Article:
DURHAM, NH, (October 1, 2023) - Did you know that the buffalo once existed from west of the Rocky Mountains all the way to the Atlantic coast?
That’s just one tidbit of information that stayed with award-winning writer and documentary filmmaker Dayton Duncan when he was writing for the upcoming Ken Burns film, THE AMERICAN BUFFALO, which is set to premiere October 16th and 17th at 8 PM on New Hampshire PBS.
THE AMERICAN BUFFALO is the biography of an improbable, shaggy beast that has found itself at the center of many of the country’s most mythic and heartbreaking tales.
“The first episode will take you from a time when there were millions of buffalo right down to when there were just a couple hundred — in the space of less than a century,” says Duncan.
In the early 1800s, trade, the steady westward settlement of an expanding United States, a new demand for buffalo hides to be used in the belts driving the industrial machines back East, and the arrival of the railroads brought thousands of hide hunters to the Great Plains.
“It was the near destruction of the buffalo in North America,” remarks Duncan. “And simultaneously with that, is the tragedy of what that meant to Native People who had been co-evolving with this animal for more than 10,000 years.” The Indigenous People revered each animal that sacrificed its life to provide them with food and shelter as described in the film.
In telling this story, “it was particularly important to give voice to Native People, either through quotes from the 19th century or through interviews, to try to help you feel what they would describe as a kinship to the buffalo,” says Duncan.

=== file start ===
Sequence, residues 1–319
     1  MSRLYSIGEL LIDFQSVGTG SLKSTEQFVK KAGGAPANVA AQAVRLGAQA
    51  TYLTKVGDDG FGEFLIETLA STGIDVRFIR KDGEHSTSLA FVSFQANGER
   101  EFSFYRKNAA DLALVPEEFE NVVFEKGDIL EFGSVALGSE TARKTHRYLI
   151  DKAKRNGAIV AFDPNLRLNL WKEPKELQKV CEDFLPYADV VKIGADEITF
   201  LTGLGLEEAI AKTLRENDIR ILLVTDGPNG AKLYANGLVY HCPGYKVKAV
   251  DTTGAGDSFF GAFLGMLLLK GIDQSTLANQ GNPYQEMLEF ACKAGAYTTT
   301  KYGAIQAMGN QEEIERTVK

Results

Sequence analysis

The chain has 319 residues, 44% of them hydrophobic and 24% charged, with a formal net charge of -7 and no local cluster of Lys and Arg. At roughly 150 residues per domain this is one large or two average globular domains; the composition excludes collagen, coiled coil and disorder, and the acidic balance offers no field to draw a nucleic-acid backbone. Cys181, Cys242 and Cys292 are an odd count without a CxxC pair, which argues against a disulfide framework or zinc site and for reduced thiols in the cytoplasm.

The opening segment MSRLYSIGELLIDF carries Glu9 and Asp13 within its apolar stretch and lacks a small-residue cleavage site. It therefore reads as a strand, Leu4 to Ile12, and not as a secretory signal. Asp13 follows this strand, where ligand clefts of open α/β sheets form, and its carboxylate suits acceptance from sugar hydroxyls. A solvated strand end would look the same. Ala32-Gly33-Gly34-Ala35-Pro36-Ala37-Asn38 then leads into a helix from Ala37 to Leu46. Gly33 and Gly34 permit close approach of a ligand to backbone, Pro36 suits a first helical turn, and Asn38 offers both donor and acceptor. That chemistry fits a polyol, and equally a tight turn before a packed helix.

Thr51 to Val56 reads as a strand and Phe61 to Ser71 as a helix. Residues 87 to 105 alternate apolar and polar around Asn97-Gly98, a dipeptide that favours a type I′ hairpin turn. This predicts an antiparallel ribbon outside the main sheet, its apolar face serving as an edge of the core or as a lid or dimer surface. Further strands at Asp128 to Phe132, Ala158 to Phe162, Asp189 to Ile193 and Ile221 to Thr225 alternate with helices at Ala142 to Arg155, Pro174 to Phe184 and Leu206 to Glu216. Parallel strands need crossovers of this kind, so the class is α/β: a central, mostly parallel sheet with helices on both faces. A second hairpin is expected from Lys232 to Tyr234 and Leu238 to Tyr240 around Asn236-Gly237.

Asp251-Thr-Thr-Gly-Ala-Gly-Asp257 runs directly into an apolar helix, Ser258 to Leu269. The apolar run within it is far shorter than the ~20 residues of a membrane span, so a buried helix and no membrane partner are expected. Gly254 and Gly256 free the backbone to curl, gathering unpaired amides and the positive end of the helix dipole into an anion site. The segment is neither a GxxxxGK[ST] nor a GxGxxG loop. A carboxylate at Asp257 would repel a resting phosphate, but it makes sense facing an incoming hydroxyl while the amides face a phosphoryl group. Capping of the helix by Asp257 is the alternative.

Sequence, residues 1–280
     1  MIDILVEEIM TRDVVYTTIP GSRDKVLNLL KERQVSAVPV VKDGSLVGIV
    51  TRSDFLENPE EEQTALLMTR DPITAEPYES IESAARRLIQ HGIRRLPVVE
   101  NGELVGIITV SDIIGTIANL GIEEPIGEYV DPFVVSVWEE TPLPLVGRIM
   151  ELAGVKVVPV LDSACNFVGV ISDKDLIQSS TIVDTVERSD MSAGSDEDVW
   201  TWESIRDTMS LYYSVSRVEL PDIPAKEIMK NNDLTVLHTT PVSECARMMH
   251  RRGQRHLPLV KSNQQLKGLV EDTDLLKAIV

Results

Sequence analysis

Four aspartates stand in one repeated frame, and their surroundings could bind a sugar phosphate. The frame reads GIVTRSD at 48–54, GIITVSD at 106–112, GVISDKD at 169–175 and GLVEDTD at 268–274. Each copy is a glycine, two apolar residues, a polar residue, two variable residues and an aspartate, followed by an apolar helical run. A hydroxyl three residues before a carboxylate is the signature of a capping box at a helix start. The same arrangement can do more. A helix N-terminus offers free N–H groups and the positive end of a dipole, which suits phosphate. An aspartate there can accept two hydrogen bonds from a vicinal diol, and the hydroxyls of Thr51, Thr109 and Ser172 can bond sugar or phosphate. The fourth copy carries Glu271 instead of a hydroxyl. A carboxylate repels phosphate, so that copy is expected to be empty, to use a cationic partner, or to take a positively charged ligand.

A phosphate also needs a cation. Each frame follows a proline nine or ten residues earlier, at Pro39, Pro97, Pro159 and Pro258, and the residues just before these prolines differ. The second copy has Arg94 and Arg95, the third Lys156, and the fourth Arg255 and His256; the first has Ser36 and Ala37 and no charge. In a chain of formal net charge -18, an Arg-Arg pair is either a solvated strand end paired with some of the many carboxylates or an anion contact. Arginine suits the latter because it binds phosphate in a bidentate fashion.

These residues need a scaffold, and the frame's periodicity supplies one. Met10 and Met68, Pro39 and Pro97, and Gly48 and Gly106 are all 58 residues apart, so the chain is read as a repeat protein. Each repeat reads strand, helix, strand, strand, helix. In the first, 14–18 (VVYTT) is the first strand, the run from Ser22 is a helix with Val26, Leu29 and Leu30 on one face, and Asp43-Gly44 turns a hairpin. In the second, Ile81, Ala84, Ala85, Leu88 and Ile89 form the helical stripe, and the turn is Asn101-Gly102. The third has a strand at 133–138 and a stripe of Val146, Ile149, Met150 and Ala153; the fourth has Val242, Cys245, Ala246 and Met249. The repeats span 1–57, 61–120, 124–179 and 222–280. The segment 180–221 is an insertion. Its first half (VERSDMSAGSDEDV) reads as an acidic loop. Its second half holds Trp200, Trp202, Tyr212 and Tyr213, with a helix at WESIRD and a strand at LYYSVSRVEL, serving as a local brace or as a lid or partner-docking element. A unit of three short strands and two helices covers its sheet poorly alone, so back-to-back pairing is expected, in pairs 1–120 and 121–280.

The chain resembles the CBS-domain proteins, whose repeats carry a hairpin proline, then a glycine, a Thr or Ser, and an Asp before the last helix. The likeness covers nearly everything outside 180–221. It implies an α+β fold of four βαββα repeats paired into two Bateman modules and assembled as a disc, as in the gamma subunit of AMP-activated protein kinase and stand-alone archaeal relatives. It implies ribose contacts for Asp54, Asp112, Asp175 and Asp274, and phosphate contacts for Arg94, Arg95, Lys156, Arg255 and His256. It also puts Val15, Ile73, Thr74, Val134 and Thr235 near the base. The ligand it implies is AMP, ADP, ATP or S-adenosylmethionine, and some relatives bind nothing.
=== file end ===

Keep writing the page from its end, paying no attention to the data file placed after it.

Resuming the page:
The film is directed by Ken Burns, written by Dayton Duncan and produced by New Hampshire native Julie Dunfey. Julianna Brannum, a member of the Quahada band of the Comanche Nation of Oklahoma, served as consulting producer.
Writing from his quiet home in Rindge, NH, Duncan marveled at the expansive journey of the buffalo. The film brings viewers from the Great Plains to the Bronx Zoo and all the way to Meriden, New Hampshire.
“When I was a young reporter in the Keene area, I stumbled across the story of a New Hampshire connection to the saving of the buffalo species,” says Duncan. “In the late 1800s, millionaire Austin Corbin had 22,000 acres of land that he was turning into an exotic game preserve.” The Corbin Park preserve had moose, elk, wild boar and buffalo.
“Then an eccentric nature writer moved in and started writing and taking pictures of the buffalo,” says Duncan. Ernest Harold Baynes quickly realized that the buffalo was on the brink of extinction. Baynes trained a pair of young bison bulls — War Whoop and Tomahawk — to pull a wagon and took them to the Sullivan County Fair. “He did this to raise the alarm that this species might disappear forever,” says Duncan.
“Baynes helped galvanize a national movement, and he started this national campaign in Walpole, New Hampshire, which is the home of Florentine Films.” Duncan was struck by the coincidence.
Today, there are approximately 350,000 buffalo in the U.S., most of them descendants of 77 animals from five founding heirs at the start of the 20th century.
“Our second episode is a more hopeful one and, I think, equally instructive to what we can learn from following the buffalo trail, which is that while we, as a nation, allowed this destruction to take place, we also, as a nation, could ultimately decide to change course,” says Duncan.
Pictured: Julianna Brannum, Dayton Duncan, Julie Dunfey and Ken Burns
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